Make a dramatic statement with Virginia cheese gifts
Funky, nutty, rich or smooth––the personalities of Virginia-made cheeses are unique gifts to share with the individuals in your life this holiday season.
The gift of old-world cheeses infused with the essence of Virginia’s seasons are a dramatic gesture for cheese-loving friends, or as the centerpiece of a holiday charcuterie board.
Virginians can shop and select handcrafted cheeses through Lulus Local Food, a nonprofit entity of the Virginia Foundation for Agriculture, Innovation and Rural Sustainability, in partnership with the Virginia Farm Bureau Federation and supported by the U.S. Department of Agriculture.
“Seasonal changes, the weather, humidity, the vegetation, it really makes a difference,” said goat cheesemaker and chef Gail Hobbs-Page of Caromont Farm in Albemarle County. She markets her handcrafted cheeses through Lulus online sales platform. “Your job as a cheesemaker is to channel the components of that milk into the right cheese at the right time.”
Hobbs-Page opened Caromont in 2007. She produces 25,000 pounds of dozens of styles of goat cheese each year.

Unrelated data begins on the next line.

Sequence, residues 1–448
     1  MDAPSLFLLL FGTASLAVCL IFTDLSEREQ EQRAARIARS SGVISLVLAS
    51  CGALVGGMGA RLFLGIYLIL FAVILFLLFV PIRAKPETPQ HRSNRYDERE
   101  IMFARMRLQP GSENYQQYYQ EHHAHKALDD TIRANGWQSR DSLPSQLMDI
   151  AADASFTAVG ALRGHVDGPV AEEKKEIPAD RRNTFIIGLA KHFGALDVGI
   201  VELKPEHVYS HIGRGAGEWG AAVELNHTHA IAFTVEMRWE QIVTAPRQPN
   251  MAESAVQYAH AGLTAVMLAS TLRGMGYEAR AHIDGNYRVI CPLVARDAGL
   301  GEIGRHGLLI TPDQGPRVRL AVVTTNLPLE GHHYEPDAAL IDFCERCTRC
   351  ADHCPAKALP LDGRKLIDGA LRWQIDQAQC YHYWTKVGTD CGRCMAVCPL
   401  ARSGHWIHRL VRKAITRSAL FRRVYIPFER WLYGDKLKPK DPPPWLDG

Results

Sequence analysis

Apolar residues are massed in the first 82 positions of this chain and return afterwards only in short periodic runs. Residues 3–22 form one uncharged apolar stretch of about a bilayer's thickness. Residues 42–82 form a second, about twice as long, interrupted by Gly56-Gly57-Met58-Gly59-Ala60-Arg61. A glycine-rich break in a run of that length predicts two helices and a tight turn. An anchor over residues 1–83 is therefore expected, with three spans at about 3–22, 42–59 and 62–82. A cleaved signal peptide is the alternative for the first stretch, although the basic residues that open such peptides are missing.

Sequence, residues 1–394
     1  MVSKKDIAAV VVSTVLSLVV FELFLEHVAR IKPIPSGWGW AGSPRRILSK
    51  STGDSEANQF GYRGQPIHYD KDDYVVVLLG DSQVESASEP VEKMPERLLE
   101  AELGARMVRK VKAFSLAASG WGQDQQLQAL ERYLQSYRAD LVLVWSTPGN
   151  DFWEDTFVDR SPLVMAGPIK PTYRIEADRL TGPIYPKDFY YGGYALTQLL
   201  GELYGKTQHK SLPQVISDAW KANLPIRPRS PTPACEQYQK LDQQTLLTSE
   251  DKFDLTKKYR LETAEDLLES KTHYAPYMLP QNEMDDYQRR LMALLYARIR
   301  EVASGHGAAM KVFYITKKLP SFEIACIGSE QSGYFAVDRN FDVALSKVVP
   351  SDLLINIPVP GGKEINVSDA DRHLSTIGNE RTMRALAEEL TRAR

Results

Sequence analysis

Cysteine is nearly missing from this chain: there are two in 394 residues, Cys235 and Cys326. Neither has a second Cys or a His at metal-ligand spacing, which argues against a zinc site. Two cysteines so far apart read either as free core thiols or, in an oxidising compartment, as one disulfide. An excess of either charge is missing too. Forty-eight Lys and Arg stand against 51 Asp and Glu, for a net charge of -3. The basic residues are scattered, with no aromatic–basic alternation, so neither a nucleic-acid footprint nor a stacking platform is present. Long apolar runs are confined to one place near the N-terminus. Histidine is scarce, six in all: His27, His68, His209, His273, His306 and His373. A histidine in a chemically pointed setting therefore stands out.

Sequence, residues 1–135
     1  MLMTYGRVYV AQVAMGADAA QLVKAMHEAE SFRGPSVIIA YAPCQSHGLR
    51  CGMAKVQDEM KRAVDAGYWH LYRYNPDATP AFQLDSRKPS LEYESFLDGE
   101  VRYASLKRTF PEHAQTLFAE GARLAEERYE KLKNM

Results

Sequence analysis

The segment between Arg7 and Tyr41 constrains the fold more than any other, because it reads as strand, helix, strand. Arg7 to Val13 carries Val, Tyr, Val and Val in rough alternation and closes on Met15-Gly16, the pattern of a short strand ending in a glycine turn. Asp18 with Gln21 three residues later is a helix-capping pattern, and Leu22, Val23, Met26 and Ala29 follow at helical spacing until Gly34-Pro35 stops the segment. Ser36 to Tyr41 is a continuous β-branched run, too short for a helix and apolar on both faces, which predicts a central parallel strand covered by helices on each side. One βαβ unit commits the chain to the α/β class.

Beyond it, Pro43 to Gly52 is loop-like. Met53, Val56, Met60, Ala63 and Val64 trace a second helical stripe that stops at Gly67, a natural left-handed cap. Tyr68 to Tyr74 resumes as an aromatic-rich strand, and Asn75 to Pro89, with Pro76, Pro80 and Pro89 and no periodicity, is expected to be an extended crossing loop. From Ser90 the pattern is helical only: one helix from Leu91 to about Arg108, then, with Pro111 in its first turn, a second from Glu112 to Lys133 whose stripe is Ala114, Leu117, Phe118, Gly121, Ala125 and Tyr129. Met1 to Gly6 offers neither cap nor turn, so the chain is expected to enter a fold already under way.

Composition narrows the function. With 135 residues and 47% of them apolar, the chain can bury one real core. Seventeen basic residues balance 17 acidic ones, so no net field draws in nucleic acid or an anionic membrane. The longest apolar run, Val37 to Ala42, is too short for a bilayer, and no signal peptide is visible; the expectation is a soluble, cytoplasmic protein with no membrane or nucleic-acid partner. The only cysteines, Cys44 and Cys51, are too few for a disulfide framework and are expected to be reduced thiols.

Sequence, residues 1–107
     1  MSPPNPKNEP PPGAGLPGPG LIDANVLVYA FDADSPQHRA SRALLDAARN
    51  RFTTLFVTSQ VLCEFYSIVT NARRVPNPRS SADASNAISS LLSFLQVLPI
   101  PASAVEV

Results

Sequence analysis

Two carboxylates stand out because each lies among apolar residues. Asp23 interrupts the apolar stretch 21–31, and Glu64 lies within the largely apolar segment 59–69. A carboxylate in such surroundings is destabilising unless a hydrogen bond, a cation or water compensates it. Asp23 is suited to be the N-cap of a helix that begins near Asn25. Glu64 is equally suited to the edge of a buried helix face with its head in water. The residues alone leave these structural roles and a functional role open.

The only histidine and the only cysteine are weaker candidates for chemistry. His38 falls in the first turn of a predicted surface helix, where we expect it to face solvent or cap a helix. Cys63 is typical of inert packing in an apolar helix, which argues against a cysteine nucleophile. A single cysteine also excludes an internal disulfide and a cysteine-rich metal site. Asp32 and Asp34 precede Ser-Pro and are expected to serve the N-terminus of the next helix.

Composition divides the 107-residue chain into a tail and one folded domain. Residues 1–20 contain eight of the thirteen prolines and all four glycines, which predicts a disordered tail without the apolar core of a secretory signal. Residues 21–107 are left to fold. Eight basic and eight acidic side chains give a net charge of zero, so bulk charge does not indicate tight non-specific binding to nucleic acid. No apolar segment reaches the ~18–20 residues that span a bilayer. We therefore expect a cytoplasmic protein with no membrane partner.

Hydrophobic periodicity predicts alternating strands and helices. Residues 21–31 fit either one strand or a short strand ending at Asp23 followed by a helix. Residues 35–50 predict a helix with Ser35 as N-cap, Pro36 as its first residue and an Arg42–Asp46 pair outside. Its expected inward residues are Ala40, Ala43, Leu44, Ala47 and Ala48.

She said spring is the time for fresh cheeses. Blues and dense cheeses are produced in the heat of the summer. Then the composition of the milk changes, with more fat and less protein––perfect for holiday cheeses or washed-rind cheeses, also known as stinkers.
Familiar flavors of Virginia and the influence of international cheese-making styles set the stage for drama at Locksley Farmstead Cheese Co. This sister company of Chrysalis Vineyards in Loudoun County was established in 2018.
“Each cheese has such a character to it,” said Locksley creamery manager Erin Saacke. “Like people.”
Holstein, Jersey and Brown Swiss cows produce hundreds of gallons of milk a week for a list of cheeses named for familiar characters from Robin Hood tales.
The King Richard blue cheese is aptly named for royalty, with a spreadable yet crumbly texture. The Little John black wax cheddar is crumbly too; the result of a stirred-curd process. Nottingham gouda is smooth and nutty, listed beside Friar Tuck’s tangy, salty fromage blanc. Locksley’s pungent washed-rind cheese is named for the villain, Prince John.
Visitors can stock up on cheese, wines and preserves crafted from the vines and milk produced on-site––pairings worthy of an encore.
“Our Norton grape jelly and Maid Marian cheese is an incredible pairing,” Saacke said. “That sweet grape jelly with the earthy camembert cheese––so good!”